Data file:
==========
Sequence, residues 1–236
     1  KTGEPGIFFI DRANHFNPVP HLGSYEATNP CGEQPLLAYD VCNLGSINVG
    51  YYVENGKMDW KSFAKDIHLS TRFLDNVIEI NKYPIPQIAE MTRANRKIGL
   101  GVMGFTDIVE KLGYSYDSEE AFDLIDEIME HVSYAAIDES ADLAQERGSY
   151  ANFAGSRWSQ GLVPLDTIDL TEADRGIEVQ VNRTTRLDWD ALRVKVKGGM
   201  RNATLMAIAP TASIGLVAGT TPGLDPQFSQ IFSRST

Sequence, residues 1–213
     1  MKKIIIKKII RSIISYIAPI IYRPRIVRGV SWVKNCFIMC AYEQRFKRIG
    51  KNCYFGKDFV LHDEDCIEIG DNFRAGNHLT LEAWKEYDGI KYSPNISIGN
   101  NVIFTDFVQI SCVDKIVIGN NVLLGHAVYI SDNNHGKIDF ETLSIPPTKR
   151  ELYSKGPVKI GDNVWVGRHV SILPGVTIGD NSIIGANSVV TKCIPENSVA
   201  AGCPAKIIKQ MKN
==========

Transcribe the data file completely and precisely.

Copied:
Sequence, residues 1–236
     1  KTGEPGIFFI DRANHFNPVP HLGSYEATNP CGEQPLLAYD VCNLGSINVG
    51  YYVENGKMDW KSFAKDIHLS TRFLDNVIEI NKYPIPQIAE MTRANRKIGL
   101  GVMGFTDIVE KLGYSYDSEE AFDLIDEIME HVSYAAIDES ADLAQERGSY
   151  ANFAGSRWSQ GLVPLDTIDL TEADRGIEVQ VNRTTRLDWD ALRVKVKGGM
   201  RNATLMAIAP TASIGLVAGT TPGLDPQFSQ IFSRST

Sequence, residues 1–213
     1  MKKIIIKKII RSIISYIAPI IYRPRIVRGV SWVKNCFIMC AYEQRFKRIG
    51  KNCYFGKDFV LHDEDCIEIG DNFRAGNHLT LEAWKEYDGI KYSPNISIGN
   101  NVIFTDFVQI SCVDKIVIGN NVLLGHAVYI SDNNHGKIDF ETLSIPPTKR
   151  ELYSKGPVKI GDNVWVGRHV SILPGVTIGD NSIIGANSVV TKCIPENSVA
   201  AGCPAKIIKQ MKN